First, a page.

An Opus Called Opera

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Media student Frazan Adil Kotwal lets us into the fascinating world of opera music, confessing that his dream is to be ‘the first great Zoroastrian singer of the classical world’

It’s an unusual choice in India to be an opera singer. What lead you in that direction?
Yes, it is indeed a very unusual choice, especially for a 19-yearold BMM [Bachelor of Mass Media] student who is also a Parsi priest! I have always been fascinated by opera as a child, but ever since I shifted to Mumbai I discovered there is a small but growing crowd [of opera lovers] here. I happened to meet Patricia Rozario (a world renowned opera singer) who heard me and encouraged me to sing in the operas at the NCPA [National Centre for Performing Arts], that was my first tryst with live opera, the irony being that I have never seen a live performance but have sung in one. But as soon as I got on that stage I knew for sure that this is what I want to do for the rest of my life and after that I have been performing every 3 to 4 months with orchestras like the Bombay Chamber Orchestra. I also had the undying support of my college Jai Hind and my BMM  co-ordinator Dr Varalakshmi without which I wouldn’t have been able to be a part of any of these productions.

When did you realise that you have a gift for music?
I always considered myself as a performing artist; ever since I was a toddler I used to take part in all the plays and choirs. Singing was what I connected to the most and felt happiest when I was singing for others. I started learning the piano and used to compose my own tunes and soon took up the violin and just practised very hard. It’s also a lot of hard work and dedication.

How many musical instruments do you play? How easy/difficult do you find switching from one to another?
Well, violin is my primary instrument. I also play the viola, cello, harmonica and a spattering of piano. I don’t find it difficult at all switching between instruments as all I need to do is focus and all the practice pays off.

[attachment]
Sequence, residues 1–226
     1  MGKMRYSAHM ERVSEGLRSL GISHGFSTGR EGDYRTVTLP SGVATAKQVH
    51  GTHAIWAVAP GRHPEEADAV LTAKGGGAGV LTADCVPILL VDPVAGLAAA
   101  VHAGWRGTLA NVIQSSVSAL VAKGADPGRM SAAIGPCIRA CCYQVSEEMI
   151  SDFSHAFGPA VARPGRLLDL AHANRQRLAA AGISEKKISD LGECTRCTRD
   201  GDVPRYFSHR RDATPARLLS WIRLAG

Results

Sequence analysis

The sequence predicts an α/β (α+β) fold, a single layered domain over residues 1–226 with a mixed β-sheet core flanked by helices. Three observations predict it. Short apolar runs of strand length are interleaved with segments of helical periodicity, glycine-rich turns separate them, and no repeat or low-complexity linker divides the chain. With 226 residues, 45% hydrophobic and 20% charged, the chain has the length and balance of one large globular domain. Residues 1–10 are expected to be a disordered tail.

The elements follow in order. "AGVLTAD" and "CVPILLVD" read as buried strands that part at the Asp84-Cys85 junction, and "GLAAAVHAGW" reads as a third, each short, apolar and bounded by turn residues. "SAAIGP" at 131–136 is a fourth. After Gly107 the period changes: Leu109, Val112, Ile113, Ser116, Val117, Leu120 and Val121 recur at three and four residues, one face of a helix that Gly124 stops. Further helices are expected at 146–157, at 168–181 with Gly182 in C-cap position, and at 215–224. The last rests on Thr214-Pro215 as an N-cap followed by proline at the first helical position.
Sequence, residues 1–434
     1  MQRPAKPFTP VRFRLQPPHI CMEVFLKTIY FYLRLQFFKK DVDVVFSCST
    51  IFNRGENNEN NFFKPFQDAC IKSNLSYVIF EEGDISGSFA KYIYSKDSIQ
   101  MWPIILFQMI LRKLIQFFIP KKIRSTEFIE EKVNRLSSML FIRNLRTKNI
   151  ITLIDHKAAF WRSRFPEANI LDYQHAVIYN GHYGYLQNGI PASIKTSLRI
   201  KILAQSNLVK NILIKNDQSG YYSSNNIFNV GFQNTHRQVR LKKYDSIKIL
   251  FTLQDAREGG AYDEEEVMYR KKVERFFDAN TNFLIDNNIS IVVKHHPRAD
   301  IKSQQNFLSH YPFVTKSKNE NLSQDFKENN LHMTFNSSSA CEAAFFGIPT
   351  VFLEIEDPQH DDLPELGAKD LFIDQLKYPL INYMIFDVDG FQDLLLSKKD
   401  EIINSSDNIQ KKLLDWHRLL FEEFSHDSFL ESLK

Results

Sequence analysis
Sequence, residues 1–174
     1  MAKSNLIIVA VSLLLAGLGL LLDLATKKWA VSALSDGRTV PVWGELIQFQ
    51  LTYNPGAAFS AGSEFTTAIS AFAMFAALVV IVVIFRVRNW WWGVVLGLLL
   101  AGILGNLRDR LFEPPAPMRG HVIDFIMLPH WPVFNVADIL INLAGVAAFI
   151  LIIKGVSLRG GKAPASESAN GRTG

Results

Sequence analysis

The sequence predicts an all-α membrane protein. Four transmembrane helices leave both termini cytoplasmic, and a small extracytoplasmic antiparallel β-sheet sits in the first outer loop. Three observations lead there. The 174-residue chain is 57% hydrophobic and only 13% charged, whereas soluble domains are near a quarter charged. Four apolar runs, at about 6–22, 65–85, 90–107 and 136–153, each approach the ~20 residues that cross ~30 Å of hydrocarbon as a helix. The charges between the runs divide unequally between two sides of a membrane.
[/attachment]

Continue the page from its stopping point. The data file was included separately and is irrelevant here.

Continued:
If you could be part of any international music-based project (orchestra, opera, musical, etc) which one would it be?
For opera I would love to be a part of a big scale production like Aida or Parsifal or Die Zauberflote. The sheer magnitude of these productions always send chills down my spine and just watching them on screen gives me the inspiration to work harder.

For someone untrained in opera music, what is the best way to enjoy an opera? Is it about the emotion and the voice or the story and the haracters?
Almost all my friends and family say that they don’t enjoy opera because they don’t understand the language and the music. To everyone out there I say, it’s not only about the language but you should be able to sit back relax and enjoy and “feel” the music and interpret it in your own way. You only enjoy the whole experience once you surrender yourself completely.

Since you dabble in theatre, do you have aspirations to move to Bollywood?
Opera is just like Bollywood – full of drama! Yes, when the right opportunities present itself I will definitely consider them. But as of now my focus is performing on stage, there’s nothing quite like that feeling.

Speaking of Bollywood, what is your opinion on Bollywood music? Do you cringe when you go to a club and hear, say, ‘Sheela ki jawani’?
Oh no, not at all! I appreciate all genres of music and try and appreciate them too. When I hear Sheela ki jawani I don’t cringe, I dance.

Arpeggio with Frazan

Frazan in 5 years will be: still studying and also will be performing side-by-side. Although if it’s 10 years, then the first great Zoroastrian singer of the classical world.

Dream role to play on stage:
Turridu from Cavalleria Rusticana and Beppe or Canio from Pagliacci, as those are the first operas I had sung in.

 

Favourite musician, living or dead:
Sarah Brightman

Any contemporary story (film/book/play) that you think would make a great opera for India:
I think most Yash Raj and Karan Johar films like DDLJ and Kabhi Khushi Kabhi Gham

If you were a song, which one would you be?
Silent noon by Ralph Vaughn Williams. Hindi – Aao milo chalein from Jab
We Met

 

Volume 2 Issue 10

 

 

 

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